Meat and Livestock Australia


Meat and Livestock Australia

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Warner R.D.,CSIRO | Thompson J.M.,University of New England of Australia | Polkinghorne R.,Murrurundi | Gutzke D.,Meat and Livestock Australia | Kearney G.A.,36 Paynes Road
Animal Production Science | Year: 2014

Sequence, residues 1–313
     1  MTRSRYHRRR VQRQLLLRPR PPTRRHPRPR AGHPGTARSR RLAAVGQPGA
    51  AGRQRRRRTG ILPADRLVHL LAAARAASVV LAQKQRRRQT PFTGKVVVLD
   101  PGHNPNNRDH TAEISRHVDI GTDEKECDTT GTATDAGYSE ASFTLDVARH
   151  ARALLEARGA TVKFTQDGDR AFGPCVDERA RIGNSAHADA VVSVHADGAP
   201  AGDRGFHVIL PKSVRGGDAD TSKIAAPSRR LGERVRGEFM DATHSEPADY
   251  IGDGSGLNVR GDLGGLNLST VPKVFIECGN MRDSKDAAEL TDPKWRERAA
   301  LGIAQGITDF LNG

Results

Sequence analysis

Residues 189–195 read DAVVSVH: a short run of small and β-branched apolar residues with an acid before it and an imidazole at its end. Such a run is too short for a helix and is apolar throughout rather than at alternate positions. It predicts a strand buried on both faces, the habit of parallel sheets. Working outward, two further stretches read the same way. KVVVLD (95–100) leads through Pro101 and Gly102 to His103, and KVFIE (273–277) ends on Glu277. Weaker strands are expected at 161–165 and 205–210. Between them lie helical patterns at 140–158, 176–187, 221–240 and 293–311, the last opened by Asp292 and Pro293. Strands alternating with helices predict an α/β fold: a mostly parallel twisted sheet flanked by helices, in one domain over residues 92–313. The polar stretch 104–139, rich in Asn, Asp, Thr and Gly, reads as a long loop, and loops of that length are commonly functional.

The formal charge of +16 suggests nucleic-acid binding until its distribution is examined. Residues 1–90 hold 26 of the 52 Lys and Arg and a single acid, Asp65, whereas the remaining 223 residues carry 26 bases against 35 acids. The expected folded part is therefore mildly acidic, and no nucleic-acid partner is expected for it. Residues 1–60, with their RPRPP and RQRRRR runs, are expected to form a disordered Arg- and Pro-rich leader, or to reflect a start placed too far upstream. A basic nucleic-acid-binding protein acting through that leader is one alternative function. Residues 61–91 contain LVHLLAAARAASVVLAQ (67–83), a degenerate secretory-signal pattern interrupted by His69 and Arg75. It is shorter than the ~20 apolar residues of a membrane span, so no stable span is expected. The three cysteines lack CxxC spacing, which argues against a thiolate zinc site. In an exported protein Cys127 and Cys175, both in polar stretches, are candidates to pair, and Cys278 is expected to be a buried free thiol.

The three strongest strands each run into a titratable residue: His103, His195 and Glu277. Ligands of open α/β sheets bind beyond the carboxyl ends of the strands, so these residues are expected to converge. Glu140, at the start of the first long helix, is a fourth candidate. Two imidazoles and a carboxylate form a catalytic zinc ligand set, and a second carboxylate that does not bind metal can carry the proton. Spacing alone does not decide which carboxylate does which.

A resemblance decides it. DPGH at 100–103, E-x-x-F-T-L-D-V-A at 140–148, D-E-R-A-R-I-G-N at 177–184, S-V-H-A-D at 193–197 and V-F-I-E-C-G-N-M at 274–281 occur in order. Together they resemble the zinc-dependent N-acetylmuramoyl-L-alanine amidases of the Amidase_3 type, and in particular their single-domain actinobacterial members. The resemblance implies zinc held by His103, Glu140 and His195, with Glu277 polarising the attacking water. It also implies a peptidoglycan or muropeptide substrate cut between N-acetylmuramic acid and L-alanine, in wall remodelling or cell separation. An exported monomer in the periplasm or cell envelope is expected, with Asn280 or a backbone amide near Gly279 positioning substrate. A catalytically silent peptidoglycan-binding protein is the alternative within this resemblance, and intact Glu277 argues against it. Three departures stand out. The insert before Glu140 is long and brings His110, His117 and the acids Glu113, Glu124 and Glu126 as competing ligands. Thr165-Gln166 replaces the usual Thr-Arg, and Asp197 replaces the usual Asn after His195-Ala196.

Few consumer data are available on the effects of high rigor temperatures on eating quality of different muscles in the beef carcass. The aim of the present study was to investigate the effect of high rigor temperature (heat-toughening) on the consumer and quality traits of two beef muscles. A dataset containing consumer eating-quality scores for 3865 striploins (m. longissimus lumborum) and 734 rumps (gluteus medius) was analysed. Temperature at pH 6 (temp@pH6) was calculated for the striploin and carcasses with a temp@pH6 of >35°C were classified as high rigor temperature (heat-toughened) carcasses. For short ageing periods (1-7 days), high rigor temperature striploins were assessed, by a consumer panel, as being more tender with higher overall liking and higher (more liked) flavour and juiciness, than were striploins entering rigor at a lower temperature. Beyond 14 days of ageing, the high rigor temperature striploins showed minimal improvement in tenderness and the other eating-quality attributes also showed minimal improvements. The consumer scores for tenderness, juiciness, flavour and overall liking for the rump decreased with increasing rigor temperature. High rigor temperature striploins were scored, by trained graders, to have a higher proportion of coarser and softer texture and paler colour. Carcasses defined as 'high rigor temperature' will show minimal ageing after extended storage and, at grading, have a higher proportion with pale colour and softer, coarser texture compared to lower rigor temperature carcasses. In conclusion, methods to reduce high rigor temperatures in beef carcasses would improve the acceptability of beef. © 2014 CSIRO.